A Chick-fil-A customer in Murfreesboro, Tennessee, says he's inspired by the restaurant's "principles and purpose" mission statement after witnessing a store manager pray with a homeless man.
Joey Mustain shared the inspirational moment on Facebook earlier this week, saying that witnessing the two men in prayer captured Chick-fil-A's "principles and purpose" as a business.
In the Facebook post, Mustain said he and his young daughter went to the restaurant on one of their routine lunch dates. As Mustain and his daughter ate their meal, he recalls witnessing the manager of the fast food chain not only offer to provide a full, heated meal to a homeless customer, but also said a prayer with him.
"Mud was wet and caked on his well-traveled shoes. His hair was matted, and his beard wasn't a statement as much as it was a necessity and a sign that he doesn't get to shave as often as most of us do," Mustain wrote in his Facebook post Monday. "People near him kept their distance, but that didn't stop him from being kind."
Mustain writes that as he and his daughter ate their meals, he overheard the manager of the restaurant offering to give the homeless man a full, hot meal of food and a prayer.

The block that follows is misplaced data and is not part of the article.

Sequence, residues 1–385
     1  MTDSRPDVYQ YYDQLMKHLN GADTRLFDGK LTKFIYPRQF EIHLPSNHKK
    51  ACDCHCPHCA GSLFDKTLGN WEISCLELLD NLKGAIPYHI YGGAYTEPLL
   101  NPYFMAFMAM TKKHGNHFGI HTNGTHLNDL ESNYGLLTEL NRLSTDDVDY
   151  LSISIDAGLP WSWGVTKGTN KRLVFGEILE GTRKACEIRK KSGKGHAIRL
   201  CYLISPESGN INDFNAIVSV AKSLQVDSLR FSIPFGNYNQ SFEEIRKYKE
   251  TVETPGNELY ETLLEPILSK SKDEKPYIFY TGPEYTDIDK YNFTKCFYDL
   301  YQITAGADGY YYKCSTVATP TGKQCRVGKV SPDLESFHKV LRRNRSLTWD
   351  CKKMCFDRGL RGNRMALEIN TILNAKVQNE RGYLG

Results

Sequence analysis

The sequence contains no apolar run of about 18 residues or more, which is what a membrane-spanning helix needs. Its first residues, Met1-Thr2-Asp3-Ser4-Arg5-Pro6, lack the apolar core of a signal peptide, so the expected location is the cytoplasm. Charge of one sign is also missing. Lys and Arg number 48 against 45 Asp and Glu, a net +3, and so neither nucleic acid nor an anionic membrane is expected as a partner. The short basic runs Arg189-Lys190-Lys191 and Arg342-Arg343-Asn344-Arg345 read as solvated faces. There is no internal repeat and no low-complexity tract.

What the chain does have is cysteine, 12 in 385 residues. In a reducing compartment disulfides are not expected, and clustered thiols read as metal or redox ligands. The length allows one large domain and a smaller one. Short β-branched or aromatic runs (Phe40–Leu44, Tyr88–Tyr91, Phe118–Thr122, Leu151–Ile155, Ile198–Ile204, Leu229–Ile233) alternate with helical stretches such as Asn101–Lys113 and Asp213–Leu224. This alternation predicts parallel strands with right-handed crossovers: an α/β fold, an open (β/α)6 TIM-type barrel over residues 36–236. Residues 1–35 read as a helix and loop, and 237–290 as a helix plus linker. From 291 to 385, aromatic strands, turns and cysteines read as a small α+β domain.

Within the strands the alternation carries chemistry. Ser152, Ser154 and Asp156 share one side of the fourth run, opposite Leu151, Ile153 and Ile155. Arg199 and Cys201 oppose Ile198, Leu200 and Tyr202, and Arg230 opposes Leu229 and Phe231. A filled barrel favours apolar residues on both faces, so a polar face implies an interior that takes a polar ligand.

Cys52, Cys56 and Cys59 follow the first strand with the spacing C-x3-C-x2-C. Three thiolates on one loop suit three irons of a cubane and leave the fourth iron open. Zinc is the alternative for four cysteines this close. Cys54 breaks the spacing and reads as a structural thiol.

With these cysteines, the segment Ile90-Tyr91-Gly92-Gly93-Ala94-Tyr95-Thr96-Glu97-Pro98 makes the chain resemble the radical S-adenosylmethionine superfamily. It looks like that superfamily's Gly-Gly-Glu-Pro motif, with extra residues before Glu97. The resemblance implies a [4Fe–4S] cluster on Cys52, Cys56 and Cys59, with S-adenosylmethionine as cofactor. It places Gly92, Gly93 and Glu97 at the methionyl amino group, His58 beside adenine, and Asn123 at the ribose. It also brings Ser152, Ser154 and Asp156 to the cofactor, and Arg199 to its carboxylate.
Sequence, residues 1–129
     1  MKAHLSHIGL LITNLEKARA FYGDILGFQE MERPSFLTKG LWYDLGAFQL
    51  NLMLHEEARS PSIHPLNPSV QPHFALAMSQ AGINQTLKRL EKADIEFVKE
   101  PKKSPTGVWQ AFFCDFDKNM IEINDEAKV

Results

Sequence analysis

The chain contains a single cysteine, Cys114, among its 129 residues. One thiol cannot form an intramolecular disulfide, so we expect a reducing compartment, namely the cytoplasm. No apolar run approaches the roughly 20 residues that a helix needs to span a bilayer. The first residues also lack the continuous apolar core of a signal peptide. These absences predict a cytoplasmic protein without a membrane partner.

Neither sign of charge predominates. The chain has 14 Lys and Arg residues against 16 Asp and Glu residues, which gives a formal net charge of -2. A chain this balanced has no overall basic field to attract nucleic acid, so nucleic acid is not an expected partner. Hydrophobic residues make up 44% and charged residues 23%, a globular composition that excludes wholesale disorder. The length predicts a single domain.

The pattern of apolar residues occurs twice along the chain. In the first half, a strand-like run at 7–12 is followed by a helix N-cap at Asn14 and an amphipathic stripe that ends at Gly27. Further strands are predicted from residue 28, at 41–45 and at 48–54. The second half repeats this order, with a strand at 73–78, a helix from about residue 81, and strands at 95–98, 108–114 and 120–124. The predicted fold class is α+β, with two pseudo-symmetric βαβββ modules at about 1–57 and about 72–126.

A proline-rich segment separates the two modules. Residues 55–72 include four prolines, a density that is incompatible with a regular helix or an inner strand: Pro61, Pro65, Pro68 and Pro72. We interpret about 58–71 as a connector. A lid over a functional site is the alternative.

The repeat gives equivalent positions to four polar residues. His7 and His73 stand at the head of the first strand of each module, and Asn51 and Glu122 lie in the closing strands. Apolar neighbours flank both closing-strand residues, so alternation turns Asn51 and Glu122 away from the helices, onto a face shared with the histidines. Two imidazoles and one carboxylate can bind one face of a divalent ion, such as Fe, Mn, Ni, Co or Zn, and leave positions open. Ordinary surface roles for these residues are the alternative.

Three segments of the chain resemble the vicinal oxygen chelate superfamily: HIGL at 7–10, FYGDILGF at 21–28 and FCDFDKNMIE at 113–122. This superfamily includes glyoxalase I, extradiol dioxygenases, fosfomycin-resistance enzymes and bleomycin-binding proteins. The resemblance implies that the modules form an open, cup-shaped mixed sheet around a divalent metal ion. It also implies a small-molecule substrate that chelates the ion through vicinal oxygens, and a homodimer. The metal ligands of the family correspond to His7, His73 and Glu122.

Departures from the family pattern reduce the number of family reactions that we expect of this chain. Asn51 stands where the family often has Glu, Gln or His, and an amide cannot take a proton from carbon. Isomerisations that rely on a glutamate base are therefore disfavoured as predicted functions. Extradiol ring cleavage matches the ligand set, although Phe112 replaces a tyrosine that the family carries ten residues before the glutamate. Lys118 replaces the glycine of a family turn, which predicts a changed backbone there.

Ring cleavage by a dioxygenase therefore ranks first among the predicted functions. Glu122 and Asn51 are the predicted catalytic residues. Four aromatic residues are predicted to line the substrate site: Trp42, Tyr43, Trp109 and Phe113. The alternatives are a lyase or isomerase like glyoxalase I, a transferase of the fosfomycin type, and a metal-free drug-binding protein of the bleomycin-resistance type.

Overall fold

"All I could pick up on of the conversation was the manager saying that he'd love to give him a full, warm meal-— not just scraps or extras — and the only thing he required was that the man let him pray with him," Mustain recalled, adding that the "manager stopped then and there, laid his hand on the man, and proceeded to pray. I heard love in that prayer."
"The homeless man wasn't some untouchable stain on business. He was the reason that store opened its doors this morning (or any morning)," Mustain added.
The father and husband then shared his appreciation for Chick-fil-A, writing that witnessing such an inspirational moment made him realize that the fast food chain "truly [uses the] business to minister."
"In a time when companies are trying to win in the market by neutralizing any possibility of offense, [Chick-fil-A] is thriving because they unwaveringly cling to their principles and purpose," Mustain added.
Chick-fil-A, founded by Southern Baptist S. Truett Cathy, has long held a reputation as a Christian business, from its views on same-sex marriage to its decision to close its restaurants every Sunday to observe a day of rest.
The Southern-based restaurant has been in the media before for its acts of faith and charity in local communities throughout the country. Last December, the manager of a local Chick-fil-A in Tennessee partnered with a local church to provide a single mother of two with a new car after her vehicle caught fire.
Todd Hunley, the owner of the Chick-fil-A in Madison, Tennessee, who helped donate the vehicle, told The Christian Post that he believes the giving spirit is part of Chick-fil-A's Christian culture.
"The big thing is that whether this happened at my store or at any Chick-fil-A in the United States, I would bet almost 100 percent there would have been the same response because that is just how we are," Hunley said. "It's the coolest thing in the world when God gives you these opportunities. It was really neat just to be part of it."